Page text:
Now as remarkable as this command is, it is nowhere near as unusual as the fact that Jesus didn’t just forgive them himself. Why didn’t Jesus just say, “I forgive you, for you don’t know what it is that you are doing?” Jesus is willing to die for what he believes in and one of the things that Jesus believes in is forgiveness, so why doesn’t he forgive his murderers? From the cross Jesus does not offer forgiveness, but Jesus knows all too well that forgiveness is essential to all of creation.

Jesus remembers “who” above all and in all and through all can forgive, and so Jesus tells God to forgive them. With his spinal column anchored fast, his limbs secure against the wood, Jesus marshals the last bit of incarnate flesh that he can move. With his last breath, Jesus prays in the imperative mood, flinging the force of forgiveness across heaven and earth. Jesus knows that forgiveness is God’s will, and unable to forgive himself, Jesus tells God to forgive them for they know not what they do. Forgiveness and mercy is a force, an energy, as energy forgiveness and mercy has power and is power; the force of God’s power to forgive echoes through the gospel.

Somehow, Jesus inability to forgive makes Jesus all the more human. Hearing Jesus’ words from the cross helped me to realize that Jesus is more than just some holier than thou, pie in the sky, unrealistic peace-loving, out of touch, radical. Knowing that even Jesus had to call out to God in order to accomplish mercy gives me strength.

I cannot by my own reason or strength believe. I need the force of God’s power, the gift of the Holy Spirit to live and breath in me so that I too can call out to God in order to accomplish mercy. So, yesterday, mindful that I too am an unforgiving servant, I sat down to write a sermon that proclaimed God’s grace, mercy, compassion and peace in the face of the week that we have all had. That’s when I discovered the story of two brothers.

Barry, Craig grew up in Iowa. Barry and Craig were alike in many ways. They were both interested in art and in drawing. They loved music and both of them worked as DJ’s during college and they shared a wry sense of humor. After college the brothers were both married. Barry and his wife moved to San Francisco and started their own computer company. Craig and his wife wanted to start a family and so Craig opted for a more safe and secure job, with health benefits and a guarantee of a pension. Every morning for two years Craig drove to work in a car with a bumper sticker that read: “visualize world peace”.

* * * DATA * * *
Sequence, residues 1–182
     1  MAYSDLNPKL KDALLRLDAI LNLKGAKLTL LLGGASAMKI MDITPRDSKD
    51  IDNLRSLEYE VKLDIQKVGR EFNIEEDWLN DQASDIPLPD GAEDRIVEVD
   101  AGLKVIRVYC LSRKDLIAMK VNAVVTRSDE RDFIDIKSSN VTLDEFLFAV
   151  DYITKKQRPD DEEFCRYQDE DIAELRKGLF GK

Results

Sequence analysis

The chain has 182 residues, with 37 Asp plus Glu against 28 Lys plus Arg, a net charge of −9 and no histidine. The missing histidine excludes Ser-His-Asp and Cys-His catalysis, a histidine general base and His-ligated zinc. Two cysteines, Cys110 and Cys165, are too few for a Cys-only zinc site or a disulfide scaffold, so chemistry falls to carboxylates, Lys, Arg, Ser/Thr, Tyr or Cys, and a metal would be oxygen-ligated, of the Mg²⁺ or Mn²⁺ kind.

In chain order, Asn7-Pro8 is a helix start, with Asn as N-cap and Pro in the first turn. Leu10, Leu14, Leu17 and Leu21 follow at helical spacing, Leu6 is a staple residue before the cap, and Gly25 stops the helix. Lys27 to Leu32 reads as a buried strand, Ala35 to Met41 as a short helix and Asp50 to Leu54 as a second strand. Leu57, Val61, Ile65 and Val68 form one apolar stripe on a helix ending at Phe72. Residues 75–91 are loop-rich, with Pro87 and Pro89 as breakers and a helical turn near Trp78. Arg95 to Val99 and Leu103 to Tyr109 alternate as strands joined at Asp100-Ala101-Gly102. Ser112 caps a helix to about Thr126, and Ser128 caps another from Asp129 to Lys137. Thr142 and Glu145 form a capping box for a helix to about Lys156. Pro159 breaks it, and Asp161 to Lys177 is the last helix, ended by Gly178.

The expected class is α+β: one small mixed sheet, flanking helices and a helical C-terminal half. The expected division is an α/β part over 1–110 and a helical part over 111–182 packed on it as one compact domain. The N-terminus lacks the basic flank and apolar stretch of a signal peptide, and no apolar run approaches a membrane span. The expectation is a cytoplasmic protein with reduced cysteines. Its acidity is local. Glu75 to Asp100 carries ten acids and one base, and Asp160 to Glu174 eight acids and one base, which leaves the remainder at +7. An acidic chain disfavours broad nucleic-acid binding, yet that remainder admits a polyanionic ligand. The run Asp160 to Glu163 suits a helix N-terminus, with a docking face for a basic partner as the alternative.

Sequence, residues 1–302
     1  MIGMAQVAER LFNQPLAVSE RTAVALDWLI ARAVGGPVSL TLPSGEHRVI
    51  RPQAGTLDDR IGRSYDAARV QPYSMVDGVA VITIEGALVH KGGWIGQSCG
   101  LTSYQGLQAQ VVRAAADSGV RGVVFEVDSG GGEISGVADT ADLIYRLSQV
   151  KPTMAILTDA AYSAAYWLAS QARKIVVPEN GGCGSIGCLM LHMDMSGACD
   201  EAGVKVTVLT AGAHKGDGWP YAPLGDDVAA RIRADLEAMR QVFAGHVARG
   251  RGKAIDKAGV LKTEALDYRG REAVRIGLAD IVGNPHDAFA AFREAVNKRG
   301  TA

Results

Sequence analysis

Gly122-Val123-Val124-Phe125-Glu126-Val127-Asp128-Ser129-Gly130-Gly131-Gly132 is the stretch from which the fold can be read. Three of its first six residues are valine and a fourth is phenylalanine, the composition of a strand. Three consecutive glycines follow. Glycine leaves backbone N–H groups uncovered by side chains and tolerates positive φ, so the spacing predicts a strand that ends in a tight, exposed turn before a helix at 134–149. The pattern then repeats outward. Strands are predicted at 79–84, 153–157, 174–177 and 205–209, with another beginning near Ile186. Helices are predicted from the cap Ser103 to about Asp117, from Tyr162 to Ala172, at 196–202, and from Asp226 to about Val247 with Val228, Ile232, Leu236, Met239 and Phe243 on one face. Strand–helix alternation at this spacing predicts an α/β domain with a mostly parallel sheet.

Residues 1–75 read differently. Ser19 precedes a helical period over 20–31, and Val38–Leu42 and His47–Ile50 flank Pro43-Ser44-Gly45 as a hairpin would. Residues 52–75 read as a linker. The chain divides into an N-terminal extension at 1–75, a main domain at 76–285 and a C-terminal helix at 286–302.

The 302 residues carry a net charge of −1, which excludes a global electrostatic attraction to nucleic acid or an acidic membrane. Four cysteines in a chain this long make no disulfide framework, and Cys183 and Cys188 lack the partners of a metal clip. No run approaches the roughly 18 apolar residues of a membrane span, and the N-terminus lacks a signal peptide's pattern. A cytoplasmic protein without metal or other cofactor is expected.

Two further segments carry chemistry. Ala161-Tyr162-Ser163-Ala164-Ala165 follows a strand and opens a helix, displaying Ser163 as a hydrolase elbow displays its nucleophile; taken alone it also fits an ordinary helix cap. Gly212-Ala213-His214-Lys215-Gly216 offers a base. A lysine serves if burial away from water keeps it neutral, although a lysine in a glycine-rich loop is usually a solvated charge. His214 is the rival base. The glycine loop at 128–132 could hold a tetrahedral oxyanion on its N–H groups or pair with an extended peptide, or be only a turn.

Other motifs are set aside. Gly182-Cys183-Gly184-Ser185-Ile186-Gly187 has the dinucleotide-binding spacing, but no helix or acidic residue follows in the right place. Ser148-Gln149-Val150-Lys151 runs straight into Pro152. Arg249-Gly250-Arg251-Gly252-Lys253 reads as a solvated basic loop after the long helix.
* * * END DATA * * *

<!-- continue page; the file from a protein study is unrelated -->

Some people thought that Craig’s bumper sticker was a little odd considering the fact that Craig was in the military. But Craig believed his role in the Army could further the cause of peace throughout the world. Craig’s “Visualize world peace” bumper sticker was proudly displayed on his car, the morning he reported for work at the Pentagon on September 11th 2001. Craig wasn’t able to drive his car home. Like thousands of others, Craig was murdered by evil men who sought the destruction of life as we know it.

Craig’s widow Amber, his brother Barry and his sister-in-law Kelly have been very busy this past year. In the face of their loss, and in the face of terror, they have taken Craig’s bumper sticker to heart and they have been busy visualizing world peace. Craig’s family believes that Craig would be appalled by the vengeful response many people had after the terrorist attacks. Barry remembers that, “people were holding up the concept of revenge as something good.” Barry recalls seeing politicians and pundits talking on TV, and whenever anyone would bring up that there might another way to deal with terrorism other than bombing entire countries, the pundits would always say, righteously, ‘Tell that to the victims’ families.’

Barry says, that he felt like he was being exploited, sitting there at the one-month memorial ceremony, that turned out not to be a memorial. He said that, it felt more like a war rally, with the president and the secretary of state pledging that they were going to extend the war to other countries. To Barry, that meant killing more innocent people. Barry said that the memorial service dishonored his brother’s name.    Barry says that his family spent the first few weeks after the attack in shock and feeling helpless. Until finally the rabid pro-war public sentiment spurred them into action. That’s when they began to visualize world peace by creating a coalition from among the victims’ families called Peaceful Tomorrows.